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CDI College students demand refunds for retired course certificates, school insists courses still valid


Reece Soukoroff will soon graduate from the CDI College cybersecurity program in Calgary, but says the post-secondary institution failed to prepare him for work in the industry and wrongfully charged him for four Microsoft Server 2016 courses that have now been retired.

“I’m graduating without any certifications in all of my Microsoft Windows Server courses and Windows is the biggest operating system in the entire universe,” he said.

“The school was well aware in advance that these courses were going to be retired so there’s no excuse that the payment should still be made for them.”

According to Microsoft, courses are retired because “technology and associated job roles change faster every year.”

The company notes on its website that different certification programs are phased out because they are “no longer relevant.”

The college originally promised 12 certifications for its cybersecurity course. The four Microsoft Windows Server 2016 courses — each which was retired on Jan. 31 — are still being offered and taught to students.

Soukoroff notes that Microsoft Server 2016 is applicable to his studies and upcoming work in the cybersecurity industry, although he says the college had promised him an independent certification outside of CDI for those courses which was not followed through with.

“Yes, the knowledge from Microsoft Server is still applicable, but we’re paying an extra amount for non-existent independent certifications,” he said.

Soukoroff asked for a refund for the four courses, but was denied. The 23-year-old already has $30,000 in student loans and says these retired courses set him back another $500.

Finances were so tight for the student that he also had to ask the college to refund three of his valid certification vouchers just two weeks ago in order to make a $1,500 payment for two textbooks. This time, CDI College refunded the three valid certifications.

“Now I’m actually only down to four certifications out of the 12, and I had to get CDI to take back three valid certifications just so I didn’t have to pay another $1,500 at the end of this course,” he said.

“So, they’ll approve that refund but they won’t approve the retired course refund and it just doesn’t make any sense. It’s basically just stealing money from students at this point.”


In a statement to CTV Calgary, Tim Ogilvie, CDI College’s regional director of operations, says all students have been reimbursed for retired certificates, despite Soukoroff and several others in the program confirming they had not yet received money.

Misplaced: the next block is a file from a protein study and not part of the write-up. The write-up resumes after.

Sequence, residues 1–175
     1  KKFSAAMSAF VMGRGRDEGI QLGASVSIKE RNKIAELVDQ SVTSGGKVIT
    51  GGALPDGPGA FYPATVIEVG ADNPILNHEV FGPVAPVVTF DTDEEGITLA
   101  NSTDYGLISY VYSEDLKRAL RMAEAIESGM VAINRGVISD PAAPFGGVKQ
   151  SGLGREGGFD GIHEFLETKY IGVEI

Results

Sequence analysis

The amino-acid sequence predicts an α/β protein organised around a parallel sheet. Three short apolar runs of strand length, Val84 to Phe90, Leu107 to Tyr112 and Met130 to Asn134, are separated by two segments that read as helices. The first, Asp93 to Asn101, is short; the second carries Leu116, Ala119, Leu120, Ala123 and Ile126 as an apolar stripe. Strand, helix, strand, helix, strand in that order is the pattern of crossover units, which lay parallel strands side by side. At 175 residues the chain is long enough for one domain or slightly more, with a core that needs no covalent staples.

“These tuition reductions are reflected in their second-year tuition and were broken down by course by their financial advisor team,” Ogilvie’s statement read.

When asked why retired courses that are “no longer relevant” are still being offered, Ogilvie noted that none of the course curriculum has expired.

“Windows Server 2016 is still very much present within the industry and will continue to be so. New software is introduced as teaching materials are made available from publishers and when industry needs change,” he said.

“Microsoft has phased out certifications for all Windows Server products. The fees associated with external certifications that are being phased out by Microsoft have been removed from the tuition costs, but the courses themselves are still valid and are Ministry approved.”


CDI College cybersecurity student Jacqueline Sitter says she owes thousands in bills for textbook that she is struggling to pay.

“The books are overpriced, about halfway through the program I finally had time to look at the actual price of the books and I realized that I could get discounts on my own through other sites or rented them for cheaper,” she said.

“All the books are online with watermarks of my email on all the pages so I can’t even sell them. I’m so far in debt now that I’m looking at being homeless.”

The two-year CDI College cybersecurity specialist diploma program comes with a total tuition cost of $27,132, but also another $6,906 for textbooks, supplies and other fees, according to career, learning and employment information released by the Alberta Government.

Other students like Soukoroff were able to find the same textbooks available through Amazon, other online book websites and directly from publishers at an extreme discount.

He managed to find all 18 course textbooks for a price of $1,277 — more than $5,600 cheaper than what the college was charging students.

A list of textbooks found for cheaper by Reece Soukoroff.

“Seriously, don’t waste your time with the CDI cybersecurity program, there are far better options to learn this industry and this isn’t the place,” he said.

“We don’t have lectures from any of the professors at all, so it’s basically just YouTube lectures which I could have got for free anyway and you’re paying for all this stuff and none of it adds up, and now I’m $30,000 in the hole in loans.”

Sitter adds that she is now $40,000 in debt and is speaking up for students in her online classes that are afraid to come forward because English is their second language.

“The students who I have talked to that are new to Canada have told me that this is the type of thing they experienced in their own countries, the corruption, and they’re just used to it,” she said.

“They do not want to go on camera because they said to them this is just normal, but this is Canada where we’re supposed to be honest and provide good service and education, yet we’re hiding the corruption.”

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